Success Stories on World Wetlands Day

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Toledo was once known as Frogtown because of its expansive wetlands -- those swampy transitional areas between land and water that act as natural filters and provide vital habitat for wildlife. Today, wetlands are imperiled.

Swamps, wet prairies, coastal marshes and other forms of wetlands once totaled 5 million acres across Ohio, but 200 years later, that total has declined by 90 percent to about 483,000 acres. Preserving the wetlands that are left, and restoring those that we can, is one of the highest priorities for conservation agencies like Metroparks Toledo.

On World Wetlands Day (February 2), we want to share some success stories.

Howard Marsh, Metroparks largest wetland restoration, opened in 2018 near the Lake Erie shore in Jerusalem Township. It now totals about 1,000 acres, including a 243-acre addition nearing completion. In less than four years, the park has become a destination for birds and bird watchers, especially during spring migration.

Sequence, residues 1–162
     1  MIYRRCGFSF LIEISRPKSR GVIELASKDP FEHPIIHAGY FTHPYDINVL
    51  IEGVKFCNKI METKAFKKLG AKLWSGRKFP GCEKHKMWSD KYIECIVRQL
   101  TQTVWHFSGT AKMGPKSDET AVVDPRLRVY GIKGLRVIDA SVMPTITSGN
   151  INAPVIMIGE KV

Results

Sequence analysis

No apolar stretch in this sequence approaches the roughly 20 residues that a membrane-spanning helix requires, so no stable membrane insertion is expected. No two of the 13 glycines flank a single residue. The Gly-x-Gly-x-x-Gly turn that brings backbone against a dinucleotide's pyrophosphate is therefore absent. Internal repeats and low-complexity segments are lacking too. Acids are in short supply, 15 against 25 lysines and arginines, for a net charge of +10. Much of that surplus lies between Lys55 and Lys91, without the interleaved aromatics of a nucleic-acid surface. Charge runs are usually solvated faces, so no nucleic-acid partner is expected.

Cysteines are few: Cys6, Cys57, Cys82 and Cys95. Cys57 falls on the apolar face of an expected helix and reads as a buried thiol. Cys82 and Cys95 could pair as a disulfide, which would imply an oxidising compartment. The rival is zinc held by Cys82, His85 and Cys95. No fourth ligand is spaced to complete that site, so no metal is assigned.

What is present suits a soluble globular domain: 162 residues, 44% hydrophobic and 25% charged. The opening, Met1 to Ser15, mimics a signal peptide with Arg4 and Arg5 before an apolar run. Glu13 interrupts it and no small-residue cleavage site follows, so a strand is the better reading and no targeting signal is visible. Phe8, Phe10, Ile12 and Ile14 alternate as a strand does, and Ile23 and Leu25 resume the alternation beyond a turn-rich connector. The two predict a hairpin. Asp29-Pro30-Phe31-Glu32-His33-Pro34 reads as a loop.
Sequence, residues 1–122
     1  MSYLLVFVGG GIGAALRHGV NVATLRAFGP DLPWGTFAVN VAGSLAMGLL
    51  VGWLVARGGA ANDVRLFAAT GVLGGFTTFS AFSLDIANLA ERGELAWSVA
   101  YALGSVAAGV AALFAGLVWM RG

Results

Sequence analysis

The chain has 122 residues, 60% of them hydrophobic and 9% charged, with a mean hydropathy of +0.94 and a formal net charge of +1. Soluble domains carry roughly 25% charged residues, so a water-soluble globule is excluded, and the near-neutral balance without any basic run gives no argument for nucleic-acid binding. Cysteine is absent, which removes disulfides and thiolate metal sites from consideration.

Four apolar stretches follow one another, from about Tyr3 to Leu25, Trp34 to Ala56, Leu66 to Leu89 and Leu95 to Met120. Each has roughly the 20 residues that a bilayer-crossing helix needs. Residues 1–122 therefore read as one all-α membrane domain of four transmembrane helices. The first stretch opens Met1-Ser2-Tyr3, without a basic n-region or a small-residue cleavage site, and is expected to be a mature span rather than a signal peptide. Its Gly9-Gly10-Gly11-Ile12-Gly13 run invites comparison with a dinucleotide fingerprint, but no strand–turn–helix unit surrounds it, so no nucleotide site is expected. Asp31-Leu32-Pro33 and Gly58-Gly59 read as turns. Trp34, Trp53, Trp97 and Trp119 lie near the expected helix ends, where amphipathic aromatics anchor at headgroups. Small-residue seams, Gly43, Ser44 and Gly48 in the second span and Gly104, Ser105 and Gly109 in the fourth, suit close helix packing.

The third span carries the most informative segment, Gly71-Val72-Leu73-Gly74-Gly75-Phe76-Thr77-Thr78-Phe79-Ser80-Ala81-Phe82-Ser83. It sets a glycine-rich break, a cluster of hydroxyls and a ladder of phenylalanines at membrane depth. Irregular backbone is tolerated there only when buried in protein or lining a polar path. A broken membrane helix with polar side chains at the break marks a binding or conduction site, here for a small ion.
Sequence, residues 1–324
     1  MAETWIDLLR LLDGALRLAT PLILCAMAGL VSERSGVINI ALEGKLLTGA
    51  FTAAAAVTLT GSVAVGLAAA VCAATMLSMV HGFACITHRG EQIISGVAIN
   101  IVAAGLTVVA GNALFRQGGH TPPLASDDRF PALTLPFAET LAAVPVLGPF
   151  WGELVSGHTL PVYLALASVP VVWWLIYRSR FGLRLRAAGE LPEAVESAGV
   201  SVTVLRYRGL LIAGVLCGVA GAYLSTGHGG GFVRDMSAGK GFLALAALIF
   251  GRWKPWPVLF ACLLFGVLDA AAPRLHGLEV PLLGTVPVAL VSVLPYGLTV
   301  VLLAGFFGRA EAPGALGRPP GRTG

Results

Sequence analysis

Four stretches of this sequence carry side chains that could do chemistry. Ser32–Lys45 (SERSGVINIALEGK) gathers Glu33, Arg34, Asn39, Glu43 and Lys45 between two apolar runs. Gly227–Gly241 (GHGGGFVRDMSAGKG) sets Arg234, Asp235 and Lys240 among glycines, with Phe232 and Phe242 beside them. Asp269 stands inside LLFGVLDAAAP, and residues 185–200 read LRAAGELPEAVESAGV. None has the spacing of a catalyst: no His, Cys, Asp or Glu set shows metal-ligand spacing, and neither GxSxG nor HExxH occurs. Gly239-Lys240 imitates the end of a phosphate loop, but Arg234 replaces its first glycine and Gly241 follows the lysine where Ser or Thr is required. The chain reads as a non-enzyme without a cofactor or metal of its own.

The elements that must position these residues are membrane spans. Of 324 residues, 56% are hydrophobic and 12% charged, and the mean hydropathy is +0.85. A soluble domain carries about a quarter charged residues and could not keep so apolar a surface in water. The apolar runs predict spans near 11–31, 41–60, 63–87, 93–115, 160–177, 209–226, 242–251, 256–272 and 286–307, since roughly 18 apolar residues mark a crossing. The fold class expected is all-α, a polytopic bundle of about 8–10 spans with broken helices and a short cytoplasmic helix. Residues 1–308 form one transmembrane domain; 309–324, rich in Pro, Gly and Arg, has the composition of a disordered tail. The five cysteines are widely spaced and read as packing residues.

Pearson North, a 300-acre wetland mitigation bank on Seaman and Wynn Roads in Oregon, opened in 2009 on the 75th anniversary of Pearson, doubling the size of the park. It, too, is a magnet for waterfowl and other birds that rest here during their seasonal journeys.

Manhattan Marsh Preserve, opened in 2020, provided a scenic park in North Toledo while preserving and enhancing a wetland known for its diversity of wildlife. It is now an accessible oasis in the city frequented by great blue herons, a variety of ducks and occasionally, osprey and bald eagles.

Miles inland, in the Oak Openings Corridor, wetlands filter water that flows into tributary streams, such as Swan Creek.

  • Working with the Toledo Zoo, Metroparks restored land along the Moseley Trail between Secor and Wiregrass Lake, creating much-needed habitat for turtles and other wildlife
  • A 48-acre wetland restoration near the corner of Airport Highway and SR 64 was one of the first projects funded by the state’s H2Ohio program
  • And wetlands will also be an important part of the Secor Metropark expansion on Central Avenue

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Photo: Howard Marsh Phase 2, December 2021, by Josh Brenwell